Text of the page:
At this rate he estimates it would require 10119,831 years on the average to obtain a set of these proteins by naturalistic evolution (1973, pp. 110, 114). The number he obtained is 10119,831 greater than the current estimate for the age of the earth (4.6 billion years). In other words, this event is outside the range of probability. Natural selection cannot occur until an organism exists and is able to reproduce which requires that the first complex life form first exist as a functioning unit.

In spite of the overwhelming empirical and probabilistic evidence that life could not originate by natural processes, evolutionists possess an unwavering belief that some day they will have an answer to how life could spontaneously generate.

Nobel laureate Christian de Duve (1995) argues that life is the product of law-driven chemical steps, each one of which must have been highly probable in the right circumstances. This reliance upon an unknown “law” favoring life has been postulated to replace the view that life's origin was a freakish accident unlikely to occur anywhere, is now popular.



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6 Complexity of the cell, evidence of design on Fri Jul 18, 2014 6:47 am

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Complexity of the cell, evidence of design



http://reasonandscience.heavenforum.org/t1330-complexity-of-the-cell#3053

http://evidencepress.com/articles/ultimate-irreducible-complexity/

“The cell is the most detailed and concentrated organizational structure known to humanity. It is a lively microcosmic city, with factories for making building supplies, packaging centers for transporting the supplies, trucks that move the materials along highways, communication devices, hospitals for repairing injuries, a massive library of information, power stations providing usable energy, garbage removal, walls for protection and city gates for allowing certain materials to come and go from the cell.”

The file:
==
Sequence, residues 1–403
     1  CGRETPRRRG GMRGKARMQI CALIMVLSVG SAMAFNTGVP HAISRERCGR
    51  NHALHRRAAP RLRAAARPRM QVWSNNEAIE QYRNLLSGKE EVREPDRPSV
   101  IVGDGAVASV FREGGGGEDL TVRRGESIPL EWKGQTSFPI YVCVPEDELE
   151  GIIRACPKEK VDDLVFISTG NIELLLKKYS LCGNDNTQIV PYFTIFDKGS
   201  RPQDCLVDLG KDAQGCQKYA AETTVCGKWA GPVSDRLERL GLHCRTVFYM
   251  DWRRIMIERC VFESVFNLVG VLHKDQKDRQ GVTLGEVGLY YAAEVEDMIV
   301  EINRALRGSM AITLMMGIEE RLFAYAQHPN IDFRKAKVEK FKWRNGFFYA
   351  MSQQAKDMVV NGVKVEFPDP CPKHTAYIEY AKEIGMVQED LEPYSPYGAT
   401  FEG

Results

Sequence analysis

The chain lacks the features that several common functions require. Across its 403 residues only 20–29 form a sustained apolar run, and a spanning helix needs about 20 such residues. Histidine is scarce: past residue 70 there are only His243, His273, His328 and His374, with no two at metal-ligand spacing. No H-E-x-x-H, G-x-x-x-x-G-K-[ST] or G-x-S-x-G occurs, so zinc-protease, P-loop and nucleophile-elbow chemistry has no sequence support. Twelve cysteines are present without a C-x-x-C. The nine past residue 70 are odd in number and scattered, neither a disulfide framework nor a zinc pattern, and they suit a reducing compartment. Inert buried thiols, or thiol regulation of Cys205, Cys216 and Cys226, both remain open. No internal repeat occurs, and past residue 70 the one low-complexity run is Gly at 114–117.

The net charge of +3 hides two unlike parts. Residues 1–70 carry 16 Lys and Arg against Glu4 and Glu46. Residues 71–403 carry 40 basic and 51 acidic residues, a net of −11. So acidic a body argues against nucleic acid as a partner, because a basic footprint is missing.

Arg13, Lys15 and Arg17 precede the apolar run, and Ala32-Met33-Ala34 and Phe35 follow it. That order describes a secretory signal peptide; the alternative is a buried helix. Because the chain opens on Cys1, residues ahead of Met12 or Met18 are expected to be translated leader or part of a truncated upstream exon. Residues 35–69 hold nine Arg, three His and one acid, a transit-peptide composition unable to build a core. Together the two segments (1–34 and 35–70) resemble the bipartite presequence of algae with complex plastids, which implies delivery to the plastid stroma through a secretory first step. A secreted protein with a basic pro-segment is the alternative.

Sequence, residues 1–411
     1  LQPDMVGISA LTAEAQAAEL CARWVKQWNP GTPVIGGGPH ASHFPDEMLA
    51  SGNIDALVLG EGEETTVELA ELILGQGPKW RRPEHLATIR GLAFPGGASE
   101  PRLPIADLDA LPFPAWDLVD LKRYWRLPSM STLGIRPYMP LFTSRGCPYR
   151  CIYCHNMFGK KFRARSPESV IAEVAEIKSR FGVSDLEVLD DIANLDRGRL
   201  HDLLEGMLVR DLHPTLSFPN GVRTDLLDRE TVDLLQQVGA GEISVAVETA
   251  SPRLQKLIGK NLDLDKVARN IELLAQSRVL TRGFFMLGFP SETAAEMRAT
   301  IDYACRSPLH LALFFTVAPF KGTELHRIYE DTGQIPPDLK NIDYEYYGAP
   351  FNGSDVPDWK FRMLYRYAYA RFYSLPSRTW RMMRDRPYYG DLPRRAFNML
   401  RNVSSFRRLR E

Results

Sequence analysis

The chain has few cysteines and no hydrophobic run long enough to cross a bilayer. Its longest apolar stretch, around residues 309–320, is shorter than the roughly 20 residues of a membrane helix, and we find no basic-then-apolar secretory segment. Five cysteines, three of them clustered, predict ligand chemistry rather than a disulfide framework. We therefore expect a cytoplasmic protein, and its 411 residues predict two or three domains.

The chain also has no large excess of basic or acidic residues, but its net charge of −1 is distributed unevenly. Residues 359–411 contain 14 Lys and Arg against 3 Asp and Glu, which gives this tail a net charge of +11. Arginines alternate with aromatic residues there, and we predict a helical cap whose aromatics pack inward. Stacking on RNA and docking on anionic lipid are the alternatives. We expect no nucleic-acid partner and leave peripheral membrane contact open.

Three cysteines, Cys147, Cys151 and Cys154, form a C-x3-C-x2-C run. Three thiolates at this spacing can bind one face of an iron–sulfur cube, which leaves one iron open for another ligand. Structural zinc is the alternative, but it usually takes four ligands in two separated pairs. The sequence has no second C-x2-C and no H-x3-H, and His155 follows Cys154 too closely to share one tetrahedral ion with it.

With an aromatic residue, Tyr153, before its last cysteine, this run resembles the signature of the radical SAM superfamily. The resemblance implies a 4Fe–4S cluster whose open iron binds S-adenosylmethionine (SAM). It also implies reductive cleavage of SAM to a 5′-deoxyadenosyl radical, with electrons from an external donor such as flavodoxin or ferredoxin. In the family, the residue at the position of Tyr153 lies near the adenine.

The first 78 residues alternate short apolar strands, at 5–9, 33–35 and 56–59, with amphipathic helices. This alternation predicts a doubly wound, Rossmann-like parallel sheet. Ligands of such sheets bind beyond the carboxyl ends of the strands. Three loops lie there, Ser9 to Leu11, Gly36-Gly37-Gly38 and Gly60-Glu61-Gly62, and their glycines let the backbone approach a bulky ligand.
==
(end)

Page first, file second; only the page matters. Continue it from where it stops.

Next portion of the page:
A specific example described in the book is the interdependence of DNA, RNA and protein. We summarize the issue, “DNA, RNA and proteins cannot do their jobs without the help of at least one of the other two. DNA is a library of detailed information for the various structures within the cell. It has the information for the manufacture of each protein. RNA is a copy of instructions from the DNA and is sent as a messenger to the ribosomes for making proteins. There are two types of proteins; functional proteins such as enzymes, and structural proteins, which compose the organelles. Living cells need all three molecules at the same time. The chance, simultaneous natural appearance of the three distinct, interdependent complex systems is just not possible.” Not only are these three needed for life, but an organism also needs a cell membrane, usable energy, reproduction and all left-handed amino acids. The cell itself is a tremendous and irrefutable example of irreducible complexity.

Considering the cell as being the ultimate irreducibly complex system, there is no conceivable way that life could arise by natural causes. Darwin’s theory of numerous, successive, slight modifications simply does not work when discussing the origin of life. The problem that irreducibly complexity brings to evolution is clearly daunting for evolutionists. Their way to deal with the problem is to dismiss it as nonscientific, pseudoscience or religion dressed in a tuxedo. However, when one looks at the issue of origin of life through the lens of irreducibly complexity, it simply brings one with a reasonable mind to his or her knees, admitting life cannot begin by natural causes.


http://christianevidences.org/scientific-evidence/hematology/the-cell-and-irreducible-complexity/

http://www.rejectionofpascalswager.net/behe.html

Cellular transport systems:

Gated transport is called thus due to it's similarity to our everyday experience of passing through a guarded (electronically or otherwise) gate. This system require three basic components to work: an identification tag, a scanner (to verify identification) and a gate (that is activated by the scanner). The system needs all three components to work otherwise it will not work. Thus in a cell, when a protein is to be manufactured, one of the first steps is for the mRNA [c] to be transported out from the nucleus into the cytoplasm. This requires gated transport of the mRNA at the nuclear pore. Proteins in the pore reads a signal from the RNA (the scanner reads the identification tag) and opens the pore (gate is opened).